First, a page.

Network Productivity Group

... a computer consultancy

 

 
 
The tip...

There are really five tips here today but four of them may be of less than general interest.  Let's start with the one that might have the most interest.

Do you get dropped by your "ISP" or "Internet Service Provider" (AOL, Earthlink, MSN, NetZero), or get bust signals when you dial them?  There are generally two causes, a "dirty" phone line or a busy server at their end.  There is little you can do about a dirty phone line.  The telephone company's attitude is, "If you can talk on it then it is okay."    Besides re-dialing until you connect there are two things you can try.  If you have two phone lines, call the number on your "regular" phone and while listening to that screech and scream, try connecting with your computer.  The hope is that your "regular" connection will grab the bad line while your computer gets a better one.  The second idea is to connect to another number.  Most ISPs have list of local numbers you can try and if a bad line or an overworked server causes your poor service, perhaps another number will get a different phone line or a different server and better service.  Try it.

However, maybe you would like to make sure that your machine is okay.  You can test your modem.  There are several paths to this test but we will take the most obvious (and based on what we have seen of Windows ME and 2000, the one I think Microsoft is encouraging).  First you must stop any program that might be using the modem.  This can include your browser (Internet Explorer, Netscape Navigator, AOL, etc.), your e-mail program (Outlook, Outlook Express, Netscape Communicator, AOL, Eudora, etc.), any fax software, ACT! dialer, etc., etc. When they are all stopped, go to Start>>Settings>>Control Panel>>Modems.  Hopefully there you will see just one modem.  At the top are two tabs, "General" and "Diagnostics".  Click on "Diagnostics" then the COM port that contains your modem and then "More Info".  If you have stopped all your modem-using programs and you get a ""Port already open" message, try a re-boot.  If you still get a "Port already open" message after the re-boot, you may have a "Trojan horse" type virus.  Try a virus scan.  If the problem persists, you may need help.

If you don't get the Port open message, the modem should test and, hopefully, test okay.  While this is not a 100% indication that your connection problems are with your ISP it is a pretty good start.

Now, a bit more esoteric.  If you are on a local area network and not connecting to the rest of the network you can also test your "network interface card" (NIC)'s basic functions.  To do this you need to go to the "DOS Prompt".  You should see that on your Start>>Programs menu.  If you don't see it there, try Start>>Run and type in "command".  If that doesn't work, call me.  From the DOS prompt, type in "ping 127.0.0.1".  The "127" thing is a special "IP" address dedicated to your "NIC".  The "ping" command will send the NIC four test strings and report back on the result.  If you get four positive responses it means your NIC is okay and the problem is more complex.  If you get a negative response (usually a "timeout") then you need to replace or reinstall your NIC card.  Try reinstall first.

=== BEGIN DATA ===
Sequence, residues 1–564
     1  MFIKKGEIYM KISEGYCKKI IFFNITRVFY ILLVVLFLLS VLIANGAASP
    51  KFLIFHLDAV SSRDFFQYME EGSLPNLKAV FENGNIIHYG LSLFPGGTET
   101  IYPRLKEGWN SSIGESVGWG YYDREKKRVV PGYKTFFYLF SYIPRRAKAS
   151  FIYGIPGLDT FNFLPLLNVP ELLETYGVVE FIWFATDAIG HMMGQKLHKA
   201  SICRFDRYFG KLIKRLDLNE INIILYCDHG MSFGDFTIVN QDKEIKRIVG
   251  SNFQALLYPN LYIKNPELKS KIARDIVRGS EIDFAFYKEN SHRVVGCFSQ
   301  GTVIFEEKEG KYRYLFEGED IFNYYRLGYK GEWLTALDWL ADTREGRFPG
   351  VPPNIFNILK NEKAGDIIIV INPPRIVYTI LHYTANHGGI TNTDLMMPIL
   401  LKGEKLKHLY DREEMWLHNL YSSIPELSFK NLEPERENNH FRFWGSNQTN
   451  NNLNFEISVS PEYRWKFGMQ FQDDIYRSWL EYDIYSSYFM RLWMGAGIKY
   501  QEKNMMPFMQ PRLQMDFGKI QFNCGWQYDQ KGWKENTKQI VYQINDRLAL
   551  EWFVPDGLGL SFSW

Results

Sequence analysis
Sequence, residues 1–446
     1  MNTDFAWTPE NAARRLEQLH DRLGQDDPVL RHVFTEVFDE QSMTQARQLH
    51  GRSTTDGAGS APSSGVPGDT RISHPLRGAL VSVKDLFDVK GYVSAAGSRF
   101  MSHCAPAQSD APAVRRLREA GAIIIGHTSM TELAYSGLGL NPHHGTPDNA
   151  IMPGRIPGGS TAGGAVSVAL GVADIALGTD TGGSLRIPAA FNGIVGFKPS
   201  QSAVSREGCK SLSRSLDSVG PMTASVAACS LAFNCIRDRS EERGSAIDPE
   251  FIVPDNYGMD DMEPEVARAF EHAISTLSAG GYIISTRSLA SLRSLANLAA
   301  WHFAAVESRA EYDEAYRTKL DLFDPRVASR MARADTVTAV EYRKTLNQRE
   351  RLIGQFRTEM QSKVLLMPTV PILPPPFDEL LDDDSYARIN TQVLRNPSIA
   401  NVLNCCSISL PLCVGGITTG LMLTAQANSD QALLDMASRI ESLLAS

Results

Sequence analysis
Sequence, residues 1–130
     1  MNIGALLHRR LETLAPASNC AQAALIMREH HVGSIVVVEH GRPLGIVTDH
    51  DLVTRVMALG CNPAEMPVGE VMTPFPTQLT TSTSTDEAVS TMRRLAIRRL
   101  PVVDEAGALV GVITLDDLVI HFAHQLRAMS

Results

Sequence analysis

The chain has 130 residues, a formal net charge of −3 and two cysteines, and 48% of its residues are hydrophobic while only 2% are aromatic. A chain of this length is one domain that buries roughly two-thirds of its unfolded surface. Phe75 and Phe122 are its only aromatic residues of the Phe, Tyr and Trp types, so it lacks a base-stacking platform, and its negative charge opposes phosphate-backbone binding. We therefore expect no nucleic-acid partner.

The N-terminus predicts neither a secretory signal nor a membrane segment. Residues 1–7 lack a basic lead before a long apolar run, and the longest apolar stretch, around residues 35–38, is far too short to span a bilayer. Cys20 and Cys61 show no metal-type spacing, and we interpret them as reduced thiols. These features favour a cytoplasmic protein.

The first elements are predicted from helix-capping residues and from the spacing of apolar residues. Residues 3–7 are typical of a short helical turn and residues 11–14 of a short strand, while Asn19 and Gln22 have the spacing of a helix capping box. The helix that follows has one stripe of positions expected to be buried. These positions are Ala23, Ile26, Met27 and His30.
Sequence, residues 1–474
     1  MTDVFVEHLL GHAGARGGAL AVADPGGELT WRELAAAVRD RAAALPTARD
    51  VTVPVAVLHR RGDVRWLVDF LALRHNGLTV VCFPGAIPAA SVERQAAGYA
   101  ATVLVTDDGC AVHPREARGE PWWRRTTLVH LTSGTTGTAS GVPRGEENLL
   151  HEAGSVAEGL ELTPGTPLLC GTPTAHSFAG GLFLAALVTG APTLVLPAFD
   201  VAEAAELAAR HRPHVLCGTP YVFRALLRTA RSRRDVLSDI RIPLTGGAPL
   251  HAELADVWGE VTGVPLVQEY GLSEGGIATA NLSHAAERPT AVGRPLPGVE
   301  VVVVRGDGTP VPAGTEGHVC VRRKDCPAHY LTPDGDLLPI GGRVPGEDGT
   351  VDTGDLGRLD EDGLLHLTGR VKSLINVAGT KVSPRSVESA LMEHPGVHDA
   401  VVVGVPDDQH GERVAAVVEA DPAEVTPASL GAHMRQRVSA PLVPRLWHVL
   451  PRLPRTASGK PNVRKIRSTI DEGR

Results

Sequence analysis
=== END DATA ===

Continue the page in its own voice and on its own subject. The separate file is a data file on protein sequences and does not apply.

A bit more esoteric still.  I know a few of you "bit twiddlers" out there have encountered this problem and this solution is so-o-o-o-o much easier than what I showed you before, I think you will love it.  Let us say that you have Publisher and every time you open a "jpg" file, Publisher started and opened the file.  Now you've installed Adobe Macramé (hey, I just made it up, okay!), and now when you try to open a "jpg" you get Macramé but you would prefer Publisher.  The previous solution involved opening Windows Explorer, etc.  An easier way to "fix" this: while holding down the SHIFT key, RIGHT click the file name.  The pop up menu that appears will have the item "Open with…".  LEFT click on that and a list of all the registered "exe's" on your system will appear.  If you can recognize Publisher (or whatever you want) you can then select it as well as "Always use this program…".  The last option means that until something else upsets this apple cart, Publisher and only Publisher will open your "jpgs".

Now, the really esoteric.  How to find "Publisher's" real name?  Follow Start>>Programs>>etc. to Publisher and RIGHT click that name or icon.  In the pop menu that appears, LEFT click "Properties" and in the dialog box that then appears select the tab "SHORTCUT" and look in the field "Target".  In there you should see the "path" to Publisher (the folders that the program resides in) and at the end  "xxxxxxxxx.exe".  The "xxxxxxxxx" is Publisher's "real" name.
 

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